Procrastination: It's A Good Thing

Procrastination: It's A Good Thing, guest post by Gabriella Contestabile @gcontestabile64 @iReadBookTours

A problem that has always vexed me as a writer is my proclivity to procrastinate.  Sometimes there’s a valid excuse, a last minute day job project, a family emergency, a power outage. Usually, however, it’s just me staring at the blank screen or a journal page wondering why I became a writer to begin with, and why accounting might not have been a wiser career choice.

Procrastination: It's A Good Thing, guest post by Gabriella Contestabile @gcontestabile64 @iReadBookTours
That said procrastination helped me write a stronger ending for my novel ‘The Artisan’s Star’.  The same happened with my second book, ‘Sass, Smarts, and Stilettos’. I took so long to write ‘Artisan’s Star’ I matured along with my protagonist. I stood at the same crossroads as Elio who, in the final chapters and with fresh awareness, makes a different and far more satisfying lifestyle choice.

“Sass, Smarts, and Stilettos” took me only a year and a half to write, thanks to my publisher, Julie Salisbury.  Even there, life got in the way. My ninety-four year old mother moved in with us. It turned our world inside out. Carving out time to write became more and more difficult.

Still, her presence re-connected me with my past in a profound and visceral way.  It brought up vibrant memories of our immigrant experience, her sartorial skills, her love of her métier as a magliaia (knitwear seamstress) in Italy, our transatlantic crossing on the SS Andrea Doria.  It forced me to go deeper and it made me even more proud of my heritage.

One evening over chamomile tea with honey, our evening ritual, mom told me she regretted selling her knitting machine. So I decided to buy her one.  While researching on line I discovered Emily Cunetto, a young knitwear designer living in California who works on two knitting machines not unlike the ones my mother worked on over seventy years ago.  That led to more research on exciting new slow fashion initiatives, notably Fibershed, Grow Your Jeans, and the atelier of Jussara Lee in the West Village.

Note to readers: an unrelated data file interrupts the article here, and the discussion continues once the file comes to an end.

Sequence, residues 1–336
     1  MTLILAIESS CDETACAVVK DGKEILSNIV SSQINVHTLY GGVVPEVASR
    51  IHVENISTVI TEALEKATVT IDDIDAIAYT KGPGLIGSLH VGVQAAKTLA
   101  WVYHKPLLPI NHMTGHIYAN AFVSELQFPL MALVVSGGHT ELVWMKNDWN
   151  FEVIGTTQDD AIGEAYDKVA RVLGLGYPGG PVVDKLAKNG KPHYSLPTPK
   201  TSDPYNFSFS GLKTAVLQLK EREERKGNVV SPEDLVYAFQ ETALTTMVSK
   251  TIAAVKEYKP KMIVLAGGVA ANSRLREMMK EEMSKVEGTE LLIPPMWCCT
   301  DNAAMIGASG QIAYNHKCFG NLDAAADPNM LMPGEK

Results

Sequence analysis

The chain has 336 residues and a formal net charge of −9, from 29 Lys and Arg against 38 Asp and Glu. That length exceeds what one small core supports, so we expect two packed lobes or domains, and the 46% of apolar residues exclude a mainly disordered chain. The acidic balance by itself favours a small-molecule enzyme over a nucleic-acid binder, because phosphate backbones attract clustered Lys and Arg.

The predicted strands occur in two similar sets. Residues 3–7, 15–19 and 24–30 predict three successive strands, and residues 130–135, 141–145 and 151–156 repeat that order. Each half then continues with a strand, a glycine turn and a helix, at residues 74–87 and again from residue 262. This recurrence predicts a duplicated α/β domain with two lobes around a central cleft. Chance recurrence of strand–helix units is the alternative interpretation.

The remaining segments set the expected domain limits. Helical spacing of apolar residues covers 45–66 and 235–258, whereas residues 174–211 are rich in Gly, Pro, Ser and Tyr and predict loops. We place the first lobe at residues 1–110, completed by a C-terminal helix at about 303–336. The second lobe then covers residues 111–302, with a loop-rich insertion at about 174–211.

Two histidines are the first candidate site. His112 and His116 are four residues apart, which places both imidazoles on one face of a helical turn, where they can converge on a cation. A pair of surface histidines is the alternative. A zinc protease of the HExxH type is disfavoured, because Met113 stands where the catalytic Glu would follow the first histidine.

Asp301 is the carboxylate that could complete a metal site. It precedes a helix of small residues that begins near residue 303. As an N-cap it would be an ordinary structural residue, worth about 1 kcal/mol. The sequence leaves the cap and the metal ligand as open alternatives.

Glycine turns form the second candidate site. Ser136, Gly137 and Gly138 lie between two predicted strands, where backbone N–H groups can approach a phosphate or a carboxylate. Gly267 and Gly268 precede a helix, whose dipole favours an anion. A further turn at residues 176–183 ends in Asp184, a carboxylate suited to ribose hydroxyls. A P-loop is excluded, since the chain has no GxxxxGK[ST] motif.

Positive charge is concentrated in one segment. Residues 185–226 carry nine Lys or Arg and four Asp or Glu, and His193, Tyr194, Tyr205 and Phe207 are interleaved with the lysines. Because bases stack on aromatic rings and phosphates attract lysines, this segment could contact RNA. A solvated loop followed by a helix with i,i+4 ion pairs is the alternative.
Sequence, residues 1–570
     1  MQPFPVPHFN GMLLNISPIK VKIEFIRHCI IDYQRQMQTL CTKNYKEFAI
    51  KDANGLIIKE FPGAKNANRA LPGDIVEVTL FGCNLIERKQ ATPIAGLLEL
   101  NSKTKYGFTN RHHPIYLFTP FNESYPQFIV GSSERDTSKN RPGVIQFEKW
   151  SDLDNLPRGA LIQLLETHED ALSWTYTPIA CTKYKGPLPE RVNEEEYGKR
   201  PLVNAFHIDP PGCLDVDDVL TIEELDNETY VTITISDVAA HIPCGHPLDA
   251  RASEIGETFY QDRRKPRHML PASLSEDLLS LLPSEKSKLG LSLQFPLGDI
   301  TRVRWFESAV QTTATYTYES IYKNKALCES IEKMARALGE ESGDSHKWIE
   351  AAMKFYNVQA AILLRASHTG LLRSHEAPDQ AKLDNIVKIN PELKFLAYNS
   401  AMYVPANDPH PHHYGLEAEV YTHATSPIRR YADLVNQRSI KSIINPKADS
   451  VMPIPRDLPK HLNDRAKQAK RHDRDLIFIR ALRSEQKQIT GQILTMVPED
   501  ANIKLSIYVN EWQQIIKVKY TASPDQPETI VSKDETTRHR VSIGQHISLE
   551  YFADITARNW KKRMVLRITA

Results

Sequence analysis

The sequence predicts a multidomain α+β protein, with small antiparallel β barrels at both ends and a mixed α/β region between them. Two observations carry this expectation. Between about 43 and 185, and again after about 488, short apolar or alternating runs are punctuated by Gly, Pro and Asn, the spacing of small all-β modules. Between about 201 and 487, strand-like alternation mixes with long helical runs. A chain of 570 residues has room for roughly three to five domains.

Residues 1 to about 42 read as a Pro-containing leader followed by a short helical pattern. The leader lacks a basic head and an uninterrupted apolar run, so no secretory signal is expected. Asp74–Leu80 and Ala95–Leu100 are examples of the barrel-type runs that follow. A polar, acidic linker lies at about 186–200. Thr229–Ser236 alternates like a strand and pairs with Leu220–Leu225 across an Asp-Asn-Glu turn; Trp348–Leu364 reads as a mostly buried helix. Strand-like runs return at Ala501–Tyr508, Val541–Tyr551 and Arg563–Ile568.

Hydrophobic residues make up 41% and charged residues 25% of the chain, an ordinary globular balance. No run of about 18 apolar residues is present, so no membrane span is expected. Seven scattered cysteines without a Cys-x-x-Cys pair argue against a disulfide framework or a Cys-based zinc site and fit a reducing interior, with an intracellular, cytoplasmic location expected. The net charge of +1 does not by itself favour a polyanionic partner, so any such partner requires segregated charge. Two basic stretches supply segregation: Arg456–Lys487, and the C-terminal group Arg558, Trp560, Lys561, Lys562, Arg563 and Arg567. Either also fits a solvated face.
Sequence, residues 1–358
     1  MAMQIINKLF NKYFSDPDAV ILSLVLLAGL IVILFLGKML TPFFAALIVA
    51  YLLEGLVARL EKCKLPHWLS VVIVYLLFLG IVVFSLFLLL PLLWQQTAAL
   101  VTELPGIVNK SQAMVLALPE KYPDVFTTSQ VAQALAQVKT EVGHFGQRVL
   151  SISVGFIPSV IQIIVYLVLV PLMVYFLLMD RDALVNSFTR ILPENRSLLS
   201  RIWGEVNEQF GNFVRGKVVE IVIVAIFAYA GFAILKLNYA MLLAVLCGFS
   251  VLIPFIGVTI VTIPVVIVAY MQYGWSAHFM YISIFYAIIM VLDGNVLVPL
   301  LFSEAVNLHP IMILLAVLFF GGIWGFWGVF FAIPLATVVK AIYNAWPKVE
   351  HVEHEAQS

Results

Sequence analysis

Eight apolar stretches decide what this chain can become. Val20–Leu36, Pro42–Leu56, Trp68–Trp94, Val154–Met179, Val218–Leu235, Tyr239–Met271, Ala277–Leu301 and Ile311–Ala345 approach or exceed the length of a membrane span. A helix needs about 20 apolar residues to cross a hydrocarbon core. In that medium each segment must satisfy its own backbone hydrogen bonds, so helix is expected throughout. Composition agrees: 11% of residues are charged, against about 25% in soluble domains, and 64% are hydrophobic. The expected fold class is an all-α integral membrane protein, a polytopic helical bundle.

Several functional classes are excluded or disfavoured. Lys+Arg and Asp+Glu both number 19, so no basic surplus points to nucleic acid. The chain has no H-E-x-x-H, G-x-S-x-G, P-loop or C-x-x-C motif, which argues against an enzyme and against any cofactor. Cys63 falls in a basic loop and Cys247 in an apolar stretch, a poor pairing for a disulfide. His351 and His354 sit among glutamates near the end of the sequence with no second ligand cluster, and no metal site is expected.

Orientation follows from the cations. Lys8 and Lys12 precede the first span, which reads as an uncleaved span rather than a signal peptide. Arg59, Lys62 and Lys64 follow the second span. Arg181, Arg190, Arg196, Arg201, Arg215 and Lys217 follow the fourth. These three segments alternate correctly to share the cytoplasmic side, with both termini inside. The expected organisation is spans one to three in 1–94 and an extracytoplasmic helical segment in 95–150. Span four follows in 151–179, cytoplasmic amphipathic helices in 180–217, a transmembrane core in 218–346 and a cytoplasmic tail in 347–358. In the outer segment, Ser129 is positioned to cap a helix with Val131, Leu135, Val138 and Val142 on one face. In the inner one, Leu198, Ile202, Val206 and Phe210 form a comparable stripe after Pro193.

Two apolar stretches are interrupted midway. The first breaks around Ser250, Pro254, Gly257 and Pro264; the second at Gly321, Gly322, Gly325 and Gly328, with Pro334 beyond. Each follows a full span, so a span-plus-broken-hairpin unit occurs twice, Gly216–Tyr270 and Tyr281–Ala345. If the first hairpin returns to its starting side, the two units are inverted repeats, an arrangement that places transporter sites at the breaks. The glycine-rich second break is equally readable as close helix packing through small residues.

And now an entire new world of possibilities opened up taking the book’s narrative full circle, from the teachings of my grandmother in our hillside village in Abruzzo to sustainability and slow fashion initiatives taking root around the world, a movement driven by young entrepreneurs who believe in doing what’s right for humanity and our environment, and are making great inroads along the way. 

So I’ve come to the conclusion that procrastination can be a good thing.  And I’m not alone.  In Walter Isaacson’s brilliant biography ‘Leonardo Da Vinci’ he advises us to learn from Leonardo, to maintain a childlike sense of wonder and to procrastinate.  In the words of history’s most creative thinker, “Men of lofty genius sometimes accomplish the most when they work least.  For their minds are occupied with their ideas and the perfection of their conceptions to which they afterwards give form.’

My screenwriting teacher once said that to a writer everything is material.  Once your book is inside your head, you are always thinking, imagining, and making connections, which will one day tell a reader this is a story of multiple layers and facets, deeply felt and understood, an experience worth taking in, not unlike DaVinci’s ‘Madonna of the Rocks.’

Procrastination: It's A Good Thing, guest post by Gabriella Contestabile @gcontestabile64 @iReadBookTours
Gabriella Contestabile is the author of the novel, The Artisan’s Star, and owner of Su Misura (Made to Measure) Journeys; a boutique travel concept for the female traveler who relishes off-the-beaten-track adventures that celebrate the Italian way of life.

The book/travel initiative has its roots in her pre-writer life as a foreign language teacher, later as Executive Director and Vice President of International Training in a number of global companies (including Estee Lauder, Shiseido, and Prada Beauty) where she would create immersive and unconventional learning experiences in unique settings around the world.

One of her favorite pastimes, wherever she is in the world, is to scout out the best, and most ‘Italian’ espresso in the hood. It requires multiple tastings, but that’s the idea. Gabriella was born in Italy, and raised in Ottawa and New York City, where she currently lives with her husband, her mother, and a furry Shih Tzu named Oreo.

Connect with the Author: Website ~ Twitter ~ Facebook ~ Instagram ~ LinkedIn


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  1. Thank you Jo for the opportunity to provide this guest post on a subject that has always plagued me as a writer. It also gave me to opportunity to read your blog and I can see why it has won awards. What an exceptional and intelligent resource for writers for writers and authors. I wish I'd discovered you years ago!


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